I here comment on the existence of `disembodied eyes' in relief carvings at Teotihuacan. The carvings are found on columns in a courtyard of a structure known as the Palace of Quetzalpapálotl, (1) located at the west corner of the square adjacent to the Pyramid of the Moon (Fig. 6 & 7). The face of each column in the courtyard is adorned with two rows of four `disembodied eyes' arrayed above and beneath a carving of a bird (Fig. 8). The carved eyes are realistic and are inlaid with obsidian `pupils' (Fig. 9 & lo). The identification of the carvings as eyes is unequivocal - witness the corresponding inlay of obsidian to the eyes of the creature in the carvings, which represents a chimera called Quetzalpapálotl, `quetzal bird/butterfly' (Fig. 8). It is perhaps significant that the eye of the bird is round, as in nature birds' eyes appear, whereas the 'disembodied eyes' are distinctly anthropomorphic, with upper and lower `eyelids' giving the `eyeballs' an ovoid shape. On the north, south, and east sides of the courtyard, the columns identically depict the avian chimera in profile (Fig. 8), whereas the columns on the west side show a frontal view, possibly of the same creature (Fig. 11).(2) The columns are surmounted by a broad lintel painted with a repeated motif, which in turn is crowned by a series of carved stone `combs' (Fig. 12).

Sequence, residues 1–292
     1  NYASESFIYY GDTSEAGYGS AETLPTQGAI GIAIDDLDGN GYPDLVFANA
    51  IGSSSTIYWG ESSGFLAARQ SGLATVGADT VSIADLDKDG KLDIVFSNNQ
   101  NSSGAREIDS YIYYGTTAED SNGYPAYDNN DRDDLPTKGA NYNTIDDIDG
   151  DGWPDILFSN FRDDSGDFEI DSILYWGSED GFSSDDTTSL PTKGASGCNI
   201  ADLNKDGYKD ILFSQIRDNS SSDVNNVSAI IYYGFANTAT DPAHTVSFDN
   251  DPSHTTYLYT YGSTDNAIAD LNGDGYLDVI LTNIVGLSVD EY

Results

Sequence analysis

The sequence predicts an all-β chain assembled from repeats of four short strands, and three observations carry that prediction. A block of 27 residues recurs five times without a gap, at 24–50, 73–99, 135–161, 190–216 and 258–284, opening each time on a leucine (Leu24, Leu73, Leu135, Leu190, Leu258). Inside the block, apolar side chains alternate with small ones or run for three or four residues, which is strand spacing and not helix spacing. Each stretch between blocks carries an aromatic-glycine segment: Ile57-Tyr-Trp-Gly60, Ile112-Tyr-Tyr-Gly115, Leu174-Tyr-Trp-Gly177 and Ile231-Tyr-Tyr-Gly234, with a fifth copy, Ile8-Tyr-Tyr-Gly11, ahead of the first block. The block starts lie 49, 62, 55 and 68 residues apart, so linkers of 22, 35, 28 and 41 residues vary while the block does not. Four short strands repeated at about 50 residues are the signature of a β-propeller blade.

In his book on the murals of Teotihuacan, Miller drew no conclusions as to the meaning of the `disembodied eyes' or of the murals as a whole. R. Gordon Wasson has proposed that the `disembodied eyes' represent the visionary sight of the shaman or participant in an agape involving ingestion of a potion compounded of entheogenic mushrooms, morning glory seeds, or other plants with allied effects. This interpretation is based on the occurrence of mushrooms, flowers, and seeds in juxtaposition with the `disembodied eyes' (vide Figures 1-4), and the association of the eyes with green drops issuing from the flowers (green, the color of jade, signifies religious value), drops which are symbolic of the entheogenic potion. This theory is laid out in detail in The Wondrous Mushroom: Mycolatry in Mesoamerica, which further suggests that the labyrinthine buildings of Teotihuacan, decorated with these entheogenic motifs, were groups of cenacula in which sacramental ingestion of entheogens took place. The carved `disembodied eyes' of the Palace of Quetzalpapálotl are further evidence confirming this hypothesis.